Smooth Operator: Jimmy Slyde
Born James Titus Godbolt, “Jimmy Slyde” (1927-2008) is a legend both in and out of the tap community. Early in his childhood, Slyde’s family moved from Atlanta to Massachusetts, where he began dancing at Stanley Brown’s studio. He is said to have learned how to slide from his teacher, Eddie “Schoolboy” Ford. Early in his career, he joined forces with Jimmy Mitchell (who went by the stage name “Sir Slyde”), and the two performed for a time as The Slyde Brothers.
Remembered as a consummate performer and a tap dancer’s tap dancer, Slyde appeared with many jazz-era greats, including Count Basie, Duke Ellington and Louis Armstrong. He and some of his contemporaries embraced the new sound of bebop in the 1940s, and even as this emerging musical style in some ways turned away from its historical connection to social dance, Jimmy threw himself into interpreting the looser, manic energy of the new sound of jazz. It is ironic that, like bebop music, tap from this era was just coming into its own and flourishing artistically, even as audiences turned to new forms of expression. Slyde, like many of his contemporaries, found work hard to come by, until the tap revival of the 1970s and 80s. In a way, it is to this period, and to his frequent teaching and performing on the tap festival circuit, that the high regard in which he is held within the subsequent generations of dancers can be traced.
I was lucky enough to see Slyde perform in the late 1990s, and I remember being struck by his signature style, which, as impressive as it is on film, was even more impactful in person. He barely seemed to touch the floor, and when he did, it was with a controlled attack who’s delicacy belied its power.
He is, to me, the perfect combination of elements in a dancer. He has showmanship for miles, but it is understated, and he doesn’t get in your face with it, merely dances and shows himself honestly and simply. He is an amazing technician, and never seems to miss a beat, but the technique quickly disappears and you just see this graceful, musical movement. He is not just moving, he is in his own words “painting pictures” which seem to leap out of the floor and into the air fully formed. It all comes together and you feel, watching him, like you are just sitting down with him and listening to him talk.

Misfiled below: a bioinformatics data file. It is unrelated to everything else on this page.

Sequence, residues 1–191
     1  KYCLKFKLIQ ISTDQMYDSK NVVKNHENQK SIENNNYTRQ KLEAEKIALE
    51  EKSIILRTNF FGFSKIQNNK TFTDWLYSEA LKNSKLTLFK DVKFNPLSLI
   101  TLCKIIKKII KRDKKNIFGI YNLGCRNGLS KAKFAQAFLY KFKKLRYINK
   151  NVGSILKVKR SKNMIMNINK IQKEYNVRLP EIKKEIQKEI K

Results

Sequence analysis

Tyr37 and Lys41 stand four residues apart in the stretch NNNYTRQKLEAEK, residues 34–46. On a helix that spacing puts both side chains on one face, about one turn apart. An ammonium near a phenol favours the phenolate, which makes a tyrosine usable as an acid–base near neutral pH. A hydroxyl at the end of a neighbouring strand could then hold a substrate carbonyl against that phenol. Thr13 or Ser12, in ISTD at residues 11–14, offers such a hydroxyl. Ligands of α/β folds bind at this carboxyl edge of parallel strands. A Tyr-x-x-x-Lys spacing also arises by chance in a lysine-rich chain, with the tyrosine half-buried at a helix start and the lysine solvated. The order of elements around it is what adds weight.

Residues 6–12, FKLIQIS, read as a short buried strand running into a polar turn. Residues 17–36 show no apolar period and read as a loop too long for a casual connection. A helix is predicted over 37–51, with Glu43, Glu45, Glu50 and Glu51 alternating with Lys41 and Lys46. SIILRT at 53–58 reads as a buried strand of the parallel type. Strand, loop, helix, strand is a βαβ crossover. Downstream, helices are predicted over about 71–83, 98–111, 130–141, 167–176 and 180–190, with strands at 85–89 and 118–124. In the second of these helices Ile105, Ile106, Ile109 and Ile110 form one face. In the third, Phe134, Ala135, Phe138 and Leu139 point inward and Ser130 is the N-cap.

His signature slides (from which he took his name) are, as anyone who has tried them can attest, not as easy as they look. I have heard dancers trying to deconstruct the precise combination of physics that goes into such a smooth, graceful movement. Momentum, inertia, gravity, friction, all have to work together, and Slyde must have practiced hour upon hour to perfect the elements that he makes look as easy as breathing.
Beloved still, Jimmy is often cited in classes I have taken when a teacher wants the students to “smooth it out.” He remains one of my biggest tap heroes, and I am sure I am not alone remembering him as a superb dancer, musician, and artist…
Happy Birthday, Jimmy.
(Note: this post was originally written in Baakari Wilder’s tap class at Montgomery College, Rockville, in May of 2013. Each week, students were required to write a short paper about a different figure from tap’s history. I waited carefully until I was ready to write about one of my very favorite tap artists, Mr. Jimmy Slyde.)
Tap Dancing America, Constance Valis Hill, 2010
“Jimmy Slyde Taps on George Benson’s Guitar,” YouTube, https://www.youtube.com/watch?v=oW3CbQZSVIs
Retrospective, New York Times, Claudia La Rocca, 2008